3. Oh... I get it. I have a PILE of t-shirts with interesting designs that I've been trying to get rid of for years. When you spend as many years as I did working in the music world, you can't help but collect them. Seemingly EVERY event has a free t-shirt attached to it. And it's not like you can say no to them since you're generally required to wear it while you're working the event. I've gotten rid of hundreds and am currently working on re-crafting the ones that I kept so that they're more fitted instead of having the giant one-size-fits-all square sack look. :-)

    4. Yeah, I've gotten rid of most of the free t-shirts. If you have a lot that mean something, you can make a quilt out of them. Googling shows you a few designs and gives some good hints.

      I keep mine with the square sack look. I pretend that tucking them in helps. Unless I forgot to wear a belt.

    5. Ha! Well, I thought about the quilt idea, but since I don't, ahem, have such a great track record with projects I decided to give myself a break and just hauled most of theme to the thrift store.

  12. This year I have purchased:
    a 6 pack of underwear $8
    a Blouse for work $.99 (had a $10GC and it was on sale for $10.99)
    a skirt and blouse for a meeting since i had gained weight $32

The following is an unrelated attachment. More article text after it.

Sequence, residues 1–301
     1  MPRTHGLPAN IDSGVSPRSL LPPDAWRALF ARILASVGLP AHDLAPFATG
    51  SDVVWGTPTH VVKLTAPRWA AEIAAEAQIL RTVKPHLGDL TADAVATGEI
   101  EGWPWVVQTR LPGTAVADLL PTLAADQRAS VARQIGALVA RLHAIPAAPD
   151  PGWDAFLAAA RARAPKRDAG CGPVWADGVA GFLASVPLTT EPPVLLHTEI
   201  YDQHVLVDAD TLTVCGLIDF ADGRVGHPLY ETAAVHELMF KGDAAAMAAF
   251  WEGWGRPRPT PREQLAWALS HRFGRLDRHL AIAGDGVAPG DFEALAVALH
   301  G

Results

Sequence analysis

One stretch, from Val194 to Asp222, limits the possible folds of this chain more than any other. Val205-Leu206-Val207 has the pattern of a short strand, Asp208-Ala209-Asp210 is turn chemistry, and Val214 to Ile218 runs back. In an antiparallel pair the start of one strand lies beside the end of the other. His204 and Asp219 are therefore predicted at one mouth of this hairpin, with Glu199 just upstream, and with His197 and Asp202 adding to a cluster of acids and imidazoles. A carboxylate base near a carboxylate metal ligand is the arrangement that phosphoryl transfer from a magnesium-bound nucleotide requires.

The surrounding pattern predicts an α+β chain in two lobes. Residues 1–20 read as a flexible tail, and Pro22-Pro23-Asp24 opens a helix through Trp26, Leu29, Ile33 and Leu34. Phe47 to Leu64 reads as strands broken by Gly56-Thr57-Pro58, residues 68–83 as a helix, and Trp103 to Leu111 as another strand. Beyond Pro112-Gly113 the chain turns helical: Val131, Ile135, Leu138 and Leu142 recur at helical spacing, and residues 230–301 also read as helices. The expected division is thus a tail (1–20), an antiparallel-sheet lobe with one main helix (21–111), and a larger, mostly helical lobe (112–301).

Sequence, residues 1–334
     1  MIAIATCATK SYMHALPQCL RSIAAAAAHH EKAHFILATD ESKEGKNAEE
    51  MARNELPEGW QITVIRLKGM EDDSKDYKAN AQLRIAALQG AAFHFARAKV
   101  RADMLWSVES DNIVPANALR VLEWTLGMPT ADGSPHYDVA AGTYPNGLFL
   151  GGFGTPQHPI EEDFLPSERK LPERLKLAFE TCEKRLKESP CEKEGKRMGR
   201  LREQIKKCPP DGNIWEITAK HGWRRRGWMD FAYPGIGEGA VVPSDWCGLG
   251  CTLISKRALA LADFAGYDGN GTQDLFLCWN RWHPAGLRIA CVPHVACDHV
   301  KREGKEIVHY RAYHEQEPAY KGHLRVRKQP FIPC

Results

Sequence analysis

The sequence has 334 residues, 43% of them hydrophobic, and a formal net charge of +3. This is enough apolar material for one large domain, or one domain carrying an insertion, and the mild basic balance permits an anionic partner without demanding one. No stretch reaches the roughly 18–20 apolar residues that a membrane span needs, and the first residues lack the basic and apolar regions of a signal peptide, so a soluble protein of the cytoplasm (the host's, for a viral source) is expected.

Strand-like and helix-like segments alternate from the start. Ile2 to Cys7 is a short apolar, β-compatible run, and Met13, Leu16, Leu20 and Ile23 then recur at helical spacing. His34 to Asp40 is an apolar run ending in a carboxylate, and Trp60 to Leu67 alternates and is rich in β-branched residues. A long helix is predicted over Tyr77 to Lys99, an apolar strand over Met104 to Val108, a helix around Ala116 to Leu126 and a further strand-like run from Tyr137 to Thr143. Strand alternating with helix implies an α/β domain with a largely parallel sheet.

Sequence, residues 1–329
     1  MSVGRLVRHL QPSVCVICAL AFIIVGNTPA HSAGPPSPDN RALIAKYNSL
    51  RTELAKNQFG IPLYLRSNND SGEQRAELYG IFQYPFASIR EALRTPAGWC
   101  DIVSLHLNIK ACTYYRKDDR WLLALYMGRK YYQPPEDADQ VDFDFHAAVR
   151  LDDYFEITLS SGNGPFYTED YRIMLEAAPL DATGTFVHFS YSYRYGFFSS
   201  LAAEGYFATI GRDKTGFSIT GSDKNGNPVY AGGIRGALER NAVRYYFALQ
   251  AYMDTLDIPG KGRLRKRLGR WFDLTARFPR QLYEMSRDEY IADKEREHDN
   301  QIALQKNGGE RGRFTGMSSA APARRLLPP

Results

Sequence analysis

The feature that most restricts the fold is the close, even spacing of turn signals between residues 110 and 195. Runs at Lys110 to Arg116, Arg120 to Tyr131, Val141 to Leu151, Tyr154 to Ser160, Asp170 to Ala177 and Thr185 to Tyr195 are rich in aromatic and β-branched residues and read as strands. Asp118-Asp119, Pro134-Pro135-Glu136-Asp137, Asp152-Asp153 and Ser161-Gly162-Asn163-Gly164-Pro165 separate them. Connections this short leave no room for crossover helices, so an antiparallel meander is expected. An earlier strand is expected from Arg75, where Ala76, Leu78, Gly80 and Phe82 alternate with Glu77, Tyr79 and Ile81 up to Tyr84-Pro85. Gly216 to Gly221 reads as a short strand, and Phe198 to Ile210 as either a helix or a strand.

dress pants for work (same reason as above) $16
    sock yarn to knit another pair of socks for me $20 (and leftover yarn for a pair of fingerless mitts!)
    a 6 pack of ankle socks since the pack i bought 3 years ago were kind of holey $8

    That makes $85 for the year.

    now for my son growing a few inches this year.....i've only bought a few things because i have been given quite a few hand me downs!!!!! YAY!!!!! but, i've had to purchase karate gear for him for about $150 in all.

    Hubby, we probably spent about 250 - which includes new winter boots.

    I do also try to buy things that aren't trendy or obviously seasonal. that way i can wear them year after year. turtlenecks/mocknecks are basic colors, etc and sweaters are plain snowflakes or things like that.

    last year i bought new timberlands and sneakers for my son and myself so we should be okay until next year for that. (my son will need running shoes for spring track and his black belt testing in the spring.....i had better start saving now!)

    1. Sounds like you did great! The whole fluctuating weight thing is such a pain to deal with isn't it? I find that I have to keep three sizes on hand because my weight goes up and down so much throughout the year.

  13. Since going on a self-initiated mission to invest in a functional work-wardrobe (where I work, suits would be a no-no), I have spent an uncharacteristically huge amount on clothing this year. But it's ok. I don't know the running total off the top of my head but at an estimate probably €500 at least. I have a plan of basics that I want to slowly get together, I don't want to heavily wear them and I hope to have them for a long time.